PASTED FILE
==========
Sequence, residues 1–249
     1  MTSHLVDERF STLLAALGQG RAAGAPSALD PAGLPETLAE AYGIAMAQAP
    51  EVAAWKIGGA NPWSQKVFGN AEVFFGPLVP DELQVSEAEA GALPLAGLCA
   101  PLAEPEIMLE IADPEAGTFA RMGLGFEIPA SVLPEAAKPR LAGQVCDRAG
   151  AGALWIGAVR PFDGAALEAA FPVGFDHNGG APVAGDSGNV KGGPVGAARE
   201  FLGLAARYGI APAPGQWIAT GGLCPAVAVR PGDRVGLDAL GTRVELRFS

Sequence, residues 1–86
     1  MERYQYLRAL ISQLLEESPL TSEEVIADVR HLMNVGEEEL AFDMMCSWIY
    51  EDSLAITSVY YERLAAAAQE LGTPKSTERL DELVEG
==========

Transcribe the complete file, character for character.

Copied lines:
Sequence, residues 1–249
     1  MTSHLVDERF STLLAALGQG RAAGAPSALD PAGLPETLAE AYGIAMAQAP
    51  EVAAWKIGGA NPWSQKVFGN AEVFFGPLVP DELQVSEAEA GALPLAGLCA
   101  PLAEPEIMLE IADPEAGTFA RMGLGFEIPA SVLPEAAKPR LAGQVCDRAG
   151  AGALWIGAVR PFDGAALEAA FPVGFDHNGG APVAGDSGNV KGGPVGAARE
   201  FLGLAARYGI APAPGQWIAT GGLCPAVAVR PGDRVGLDAL GTRVELRFS

Sequence, residues 1–86
     1  MERYQYLRAL ISQLLEESPL TSEEVIADVR HLMNVGEEEL AFDMMCSWIY
    51  EDSLAITSVY YERLAAAAQE LGTPKSTERL DELVEG